There was one simple quote that I can’t get out of my head. When we’re born we look like our parents, but when we die we look like our habits and decisions. When we watch crime shows we see investigators on the scene and they hold their noses because of the smell. What is that smell? When our bodies decomposes, it releases gases such as cadaverine, putrescine, indole and skatole, produced as microbes break down the carbohydrates, proteins and fatty acids in the body. WOW! Our bodies are so amazing. For instance, 24-72 hours after death our organs decompose. But 3 to 5 days after death we begin to bloat and blood-containing foam leaks from the mouth and nose.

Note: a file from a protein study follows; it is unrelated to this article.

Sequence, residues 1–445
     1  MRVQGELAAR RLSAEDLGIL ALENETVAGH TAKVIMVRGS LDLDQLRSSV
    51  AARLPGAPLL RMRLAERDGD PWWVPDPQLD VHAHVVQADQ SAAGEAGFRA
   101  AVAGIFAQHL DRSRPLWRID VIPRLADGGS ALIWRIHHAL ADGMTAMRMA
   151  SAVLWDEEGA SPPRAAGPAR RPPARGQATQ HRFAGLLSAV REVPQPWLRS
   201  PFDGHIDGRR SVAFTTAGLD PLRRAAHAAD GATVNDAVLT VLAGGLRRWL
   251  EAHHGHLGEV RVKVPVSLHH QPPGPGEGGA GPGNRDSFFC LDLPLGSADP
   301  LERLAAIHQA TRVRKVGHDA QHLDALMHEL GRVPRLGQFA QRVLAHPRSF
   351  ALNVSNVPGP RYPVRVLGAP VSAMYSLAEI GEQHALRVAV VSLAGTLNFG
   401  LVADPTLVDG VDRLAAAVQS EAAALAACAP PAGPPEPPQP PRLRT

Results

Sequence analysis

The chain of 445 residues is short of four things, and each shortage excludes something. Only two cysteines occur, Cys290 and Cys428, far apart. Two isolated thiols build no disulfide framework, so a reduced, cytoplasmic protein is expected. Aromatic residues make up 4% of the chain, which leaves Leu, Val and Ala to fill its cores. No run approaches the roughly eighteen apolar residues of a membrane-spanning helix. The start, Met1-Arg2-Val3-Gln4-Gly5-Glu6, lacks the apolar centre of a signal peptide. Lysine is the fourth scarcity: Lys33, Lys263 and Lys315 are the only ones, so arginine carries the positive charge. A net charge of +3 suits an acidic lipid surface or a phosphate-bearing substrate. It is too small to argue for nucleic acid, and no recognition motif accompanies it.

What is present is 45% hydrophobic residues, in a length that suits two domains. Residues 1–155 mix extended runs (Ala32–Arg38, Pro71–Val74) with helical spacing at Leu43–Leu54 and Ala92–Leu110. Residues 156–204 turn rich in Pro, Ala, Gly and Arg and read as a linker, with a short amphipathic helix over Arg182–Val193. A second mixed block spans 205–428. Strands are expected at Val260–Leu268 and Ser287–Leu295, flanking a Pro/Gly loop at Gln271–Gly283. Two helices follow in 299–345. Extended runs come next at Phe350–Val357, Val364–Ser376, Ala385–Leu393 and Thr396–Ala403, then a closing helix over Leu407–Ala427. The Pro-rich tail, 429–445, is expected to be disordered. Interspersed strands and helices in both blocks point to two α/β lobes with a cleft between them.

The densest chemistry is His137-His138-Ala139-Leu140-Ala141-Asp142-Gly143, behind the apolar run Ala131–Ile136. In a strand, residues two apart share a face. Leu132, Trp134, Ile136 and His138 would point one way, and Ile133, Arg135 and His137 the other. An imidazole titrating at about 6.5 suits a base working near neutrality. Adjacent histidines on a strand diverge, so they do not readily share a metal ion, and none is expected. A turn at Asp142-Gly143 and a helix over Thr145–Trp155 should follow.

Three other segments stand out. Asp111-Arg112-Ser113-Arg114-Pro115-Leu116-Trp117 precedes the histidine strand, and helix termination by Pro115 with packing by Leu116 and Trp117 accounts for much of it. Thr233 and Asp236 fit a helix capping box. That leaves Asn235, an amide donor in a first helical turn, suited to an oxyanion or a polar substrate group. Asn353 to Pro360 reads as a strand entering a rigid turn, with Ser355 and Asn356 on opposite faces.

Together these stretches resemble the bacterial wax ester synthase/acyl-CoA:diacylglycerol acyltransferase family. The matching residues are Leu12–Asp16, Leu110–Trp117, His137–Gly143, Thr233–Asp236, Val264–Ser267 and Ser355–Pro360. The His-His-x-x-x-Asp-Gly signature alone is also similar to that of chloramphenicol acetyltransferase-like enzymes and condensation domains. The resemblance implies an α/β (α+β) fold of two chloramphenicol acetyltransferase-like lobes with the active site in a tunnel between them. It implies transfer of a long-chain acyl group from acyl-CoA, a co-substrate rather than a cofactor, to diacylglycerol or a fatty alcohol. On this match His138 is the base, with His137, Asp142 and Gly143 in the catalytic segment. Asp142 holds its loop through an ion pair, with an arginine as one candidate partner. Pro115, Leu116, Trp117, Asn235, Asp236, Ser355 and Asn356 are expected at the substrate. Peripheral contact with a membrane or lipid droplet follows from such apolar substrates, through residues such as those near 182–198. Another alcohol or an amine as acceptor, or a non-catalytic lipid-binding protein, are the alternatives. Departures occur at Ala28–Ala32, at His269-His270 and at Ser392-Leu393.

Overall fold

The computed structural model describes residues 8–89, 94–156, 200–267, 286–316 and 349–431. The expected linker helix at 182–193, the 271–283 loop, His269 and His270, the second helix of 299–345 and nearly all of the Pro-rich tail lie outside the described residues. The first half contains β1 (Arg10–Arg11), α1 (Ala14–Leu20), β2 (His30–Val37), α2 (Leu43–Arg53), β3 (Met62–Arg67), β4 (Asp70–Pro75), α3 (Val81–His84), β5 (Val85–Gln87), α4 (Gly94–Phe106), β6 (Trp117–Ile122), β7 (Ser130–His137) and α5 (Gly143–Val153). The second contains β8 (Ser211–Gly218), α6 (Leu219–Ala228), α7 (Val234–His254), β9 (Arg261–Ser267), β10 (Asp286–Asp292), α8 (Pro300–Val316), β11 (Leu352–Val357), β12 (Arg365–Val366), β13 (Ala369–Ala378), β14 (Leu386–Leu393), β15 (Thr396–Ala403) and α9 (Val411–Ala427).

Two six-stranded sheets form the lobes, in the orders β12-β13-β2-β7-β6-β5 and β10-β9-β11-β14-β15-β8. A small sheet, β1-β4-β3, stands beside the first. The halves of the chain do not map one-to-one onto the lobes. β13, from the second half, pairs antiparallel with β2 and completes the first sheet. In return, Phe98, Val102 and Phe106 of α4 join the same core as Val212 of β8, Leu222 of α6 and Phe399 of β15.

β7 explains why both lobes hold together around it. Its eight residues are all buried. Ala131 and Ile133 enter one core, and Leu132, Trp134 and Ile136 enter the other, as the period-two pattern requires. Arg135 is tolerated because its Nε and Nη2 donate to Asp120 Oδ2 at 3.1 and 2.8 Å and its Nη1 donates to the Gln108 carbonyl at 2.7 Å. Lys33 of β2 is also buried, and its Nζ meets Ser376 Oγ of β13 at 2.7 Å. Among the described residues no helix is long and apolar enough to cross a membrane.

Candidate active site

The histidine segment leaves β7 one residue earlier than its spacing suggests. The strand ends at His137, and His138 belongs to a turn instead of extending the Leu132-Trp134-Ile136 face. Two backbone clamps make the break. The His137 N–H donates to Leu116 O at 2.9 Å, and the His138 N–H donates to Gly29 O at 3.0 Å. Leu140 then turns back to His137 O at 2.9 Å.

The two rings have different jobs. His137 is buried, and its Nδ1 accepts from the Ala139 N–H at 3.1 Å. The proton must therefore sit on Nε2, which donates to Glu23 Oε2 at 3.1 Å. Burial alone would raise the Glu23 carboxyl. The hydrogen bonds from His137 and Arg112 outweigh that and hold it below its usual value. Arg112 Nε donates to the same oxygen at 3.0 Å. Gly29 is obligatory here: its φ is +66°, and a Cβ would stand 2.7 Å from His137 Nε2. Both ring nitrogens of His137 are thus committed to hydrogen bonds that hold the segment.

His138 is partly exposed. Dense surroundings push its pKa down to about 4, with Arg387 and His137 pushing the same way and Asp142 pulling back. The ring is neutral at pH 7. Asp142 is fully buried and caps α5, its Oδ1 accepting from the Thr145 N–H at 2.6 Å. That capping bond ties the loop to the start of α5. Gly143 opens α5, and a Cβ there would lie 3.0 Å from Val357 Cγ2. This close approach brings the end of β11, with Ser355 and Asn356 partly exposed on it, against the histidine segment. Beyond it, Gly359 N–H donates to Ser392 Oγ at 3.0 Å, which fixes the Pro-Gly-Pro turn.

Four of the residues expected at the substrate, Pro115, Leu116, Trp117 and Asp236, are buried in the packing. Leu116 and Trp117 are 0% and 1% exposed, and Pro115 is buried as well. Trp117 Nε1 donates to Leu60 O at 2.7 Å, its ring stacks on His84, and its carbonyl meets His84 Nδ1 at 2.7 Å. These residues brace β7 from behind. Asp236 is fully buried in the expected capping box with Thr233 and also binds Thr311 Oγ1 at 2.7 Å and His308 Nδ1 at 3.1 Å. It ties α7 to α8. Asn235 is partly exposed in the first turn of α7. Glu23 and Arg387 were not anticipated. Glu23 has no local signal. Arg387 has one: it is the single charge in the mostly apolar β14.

Skip to several weeks after death our nails and teeth fall out. Shall I go any further? One month after death, we begin to liquify. What is your biggest fear regarding death? Passing away and your house is a mess or not being found at all? So many answers, right? Let’s say you’re found at peace and swept away to the funeral home when it’s time for embalming. When embalmed, the blood is drained from one of the veins and replaced by a fluid, usually based on Formalin (a solution of formaldehyde in water), injected into one of the main arteries. They remove the cavity of fluid with a long hollow needle called a trocar and replaced with a preservative. The embalming process typically takes two hours, but this could include washing and drying the hair and body of the deceased. This time may increase due to no head injuries, etc..